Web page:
Blue Dogs reject Obamacare
In Our Nation's Capital, the centrist-oriented Blue Dog Democrats have decided not to support the House version of President Obama's health care
phased nationalization "reform" bill. Hooray for the Blue Dogs! This shows once again that the center of the political spectrum is where the action is these days. The news comes as the Mayo Clinic issued a report which calls into question the alleged cost savings.
[T]he proposed legislation misses the opportunity to help create higher-quality, more affordable health care for patients. In fact, it will do the opposite.
Also see washingtontimes.com. As I keep arguing, any such long-term cost estimates are no more than rough guesses; too many contingencies come into play for such estimates to be reliable. The issue is not whether "we as a nation" will save or lose X amount of dollars under the proposed plan, but whether the various mandates and regulatory provisions would stifle consumer choice and undermine the quality of health care services.
On the other hand, I was not pleased with the comments of Sen. Jim DeMint, who said that defeating Obama's health care agenda could mark his "Waterloo," clearly relishing the prospect. See foxnews.com. This, of course, provided an opportunity for the President to piously lament that "This isn't about me. This isn't about politics." I emphatically object to what Obama is doing, but I agree with him that the current system must be drastically overhauled. Anyone who tries to block the Obama health care juggernaut without making it clear that he or she is doing so on valid, sincere policy terms -- as opposed to crass partisan politics -- is doing a disservice to the country. Dumb, dumb, dumb.
McDonnell gets key endorsement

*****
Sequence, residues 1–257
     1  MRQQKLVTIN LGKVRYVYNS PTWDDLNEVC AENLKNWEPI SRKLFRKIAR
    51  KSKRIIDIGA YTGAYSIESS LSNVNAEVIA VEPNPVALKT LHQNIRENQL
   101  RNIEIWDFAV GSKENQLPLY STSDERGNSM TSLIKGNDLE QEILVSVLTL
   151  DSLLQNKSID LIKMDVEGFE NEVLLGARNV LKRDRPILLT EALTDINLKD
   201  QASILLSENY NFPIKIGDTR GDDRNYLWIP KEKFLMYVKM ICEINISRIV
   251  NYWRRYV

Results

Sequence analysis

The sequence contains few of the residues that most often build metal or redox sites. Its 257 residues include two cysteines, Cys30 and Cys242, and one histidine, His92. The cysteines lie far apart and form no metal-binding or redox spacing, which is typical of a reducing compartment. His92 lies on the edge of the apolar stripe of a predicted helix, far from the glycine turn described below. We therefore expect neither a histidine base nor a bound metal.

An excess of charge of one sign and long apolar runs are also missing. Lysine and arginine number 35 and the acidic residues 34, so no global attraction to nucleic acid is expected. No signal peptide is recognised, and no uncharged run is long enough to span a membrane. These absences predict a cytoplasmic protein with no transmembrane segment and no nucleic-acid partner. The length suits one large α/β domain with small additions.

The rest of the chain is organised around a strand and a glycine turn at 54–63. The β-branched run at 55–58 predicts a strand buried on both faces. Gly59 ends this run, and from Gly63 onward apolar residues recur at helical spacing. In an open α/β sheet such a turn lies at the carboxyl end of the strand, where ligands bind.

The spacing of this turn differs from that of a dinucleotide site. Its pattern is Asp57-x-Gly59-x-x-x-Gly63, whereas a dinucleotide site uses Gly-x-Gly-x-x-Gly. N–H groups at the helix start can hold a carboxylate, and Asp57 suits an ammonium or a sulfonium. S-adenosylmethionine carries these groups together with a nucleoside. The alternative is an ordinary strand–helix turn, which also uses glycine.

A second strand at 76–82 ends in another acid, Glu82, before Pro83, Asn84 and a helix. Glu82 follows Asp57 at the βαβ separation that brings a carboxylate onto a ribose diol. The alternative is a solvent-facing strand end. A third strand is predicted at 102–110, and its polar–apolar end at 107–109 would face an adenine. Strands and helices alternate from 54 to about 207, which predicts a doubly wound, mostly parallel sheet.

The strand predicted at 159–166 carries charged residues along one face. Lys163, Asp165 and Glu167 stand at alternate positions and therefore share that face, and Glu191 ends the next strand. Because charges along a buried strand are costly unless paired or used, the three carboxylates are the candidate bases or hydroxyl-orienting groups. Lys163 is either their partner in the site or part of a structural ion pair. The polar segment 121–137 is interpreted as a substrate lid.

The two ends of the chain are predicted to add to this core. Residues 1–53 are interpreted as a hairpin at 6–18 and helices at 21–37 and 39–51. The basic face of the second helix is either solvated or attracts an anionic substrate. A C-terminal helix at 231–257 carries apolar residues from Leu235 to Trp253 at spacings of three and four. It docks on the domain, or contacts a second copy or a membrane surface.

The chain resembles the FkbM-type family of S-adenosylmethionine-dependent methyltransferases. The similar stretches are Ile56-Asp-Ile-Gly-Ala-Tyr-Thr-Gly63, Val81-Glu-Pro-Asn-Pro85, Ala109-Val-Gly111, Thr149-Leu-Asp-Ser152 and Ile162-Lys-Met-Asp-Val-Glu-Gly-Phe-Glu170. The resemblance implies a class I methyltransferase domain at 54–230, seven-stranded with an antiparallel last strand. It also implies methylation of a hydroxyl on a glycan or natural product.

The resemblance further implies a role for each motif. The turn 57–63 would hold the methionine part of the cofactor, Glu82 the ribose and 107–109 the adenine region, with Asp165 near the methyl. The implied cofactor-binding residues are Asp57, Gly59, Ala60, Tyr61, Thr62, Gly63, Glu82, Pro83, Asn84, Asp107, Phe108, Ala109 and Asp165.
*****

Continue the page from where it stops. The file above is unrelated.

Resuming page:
Bob McDonnell received the endorsement of Sheila Crump Johnson, the co-founder of Black Entertainment Television. She praised him for having "the right vision and the executive leadership skills that will guide Virginia through these challenging times." See bobmcdonnell.com. This seems to confirm what Carl Tate has been arguing about McDonnell's potential appeal to African-American voters; see July 15.
On a related note, I happened to see on C-SPAN a hostile interchange on Capitol Hill. National Black Chamber of Commerce President/CEO Harry Alford was offended by Sen. Barbara Boxer's racially-tinged remarks during a Senate hearing on Friday. See the nationalbcc.org. The same thing phenomenon of Democrats losing one of their "safest" constituent groups be happening at the national level.
Religion & local politics
The race for the 20th District House of Delegates seat got even weirder than before this morning, as Augusta County Supervisor Tracy Pyles (a Democrat) raised questions about Democratic candidate Erik Curren's religious views. Curren evidently considers himself a practicing Buddhist and Christian. (???) See the New Leader. Curren wrote Buddha's Not Smiling: Uncovering Corruption at the Heart of Tibetan Buddhism Today. People who display "Free Tibet!" bumper stickers may not be aware that the Dalai Lama is not a saint, and that Buddhism in Tibet has been politicized for many decades.
Full disclosure: I have seen Mr. Curren attending services in Emmanuel Episcopal Church a few times, but I have not yet spoken with him. Generally speaking, religion is a lesser factor in my choice of candidates, such as Mitt Romney (see August 2007, third item), not a decisive one. I find it unfortunate that local politics have become tangled up with religion. On theological grounds, I don't see how anyone could be considered both a Christian and a Buddhist. The two faiths have very distinctive creeds and metaphysical belief systems.
UPDATE: Here is my comment on the News Leader article cited above, referring to Curren's Web site:
I was taken aback by the news about Curren's unorthodox religious beliefs, but that wouldn't make me rule out voting for him, as long as his policy positions were reasonable. He should have known, however, that deeply traditional religious views prevail in this area, and that many people would regard his lack of full candor about his beliefs on his Web site as suspicious. Whether that irritates you or not, it's a political reality. Ironically, this comment thread reinforces my belief that religious bigotry is just as strong on the left as it is on the right.
Meanwhile, the local GOP committee chairs decided to hold a public forum to give prospective candidates for the 20th District seat an opportunity to speak up before making their decision. The meeting will be held at 7 p.m. on July 27, at Buffalo Gap High School. That story was in Sunday's News Leader.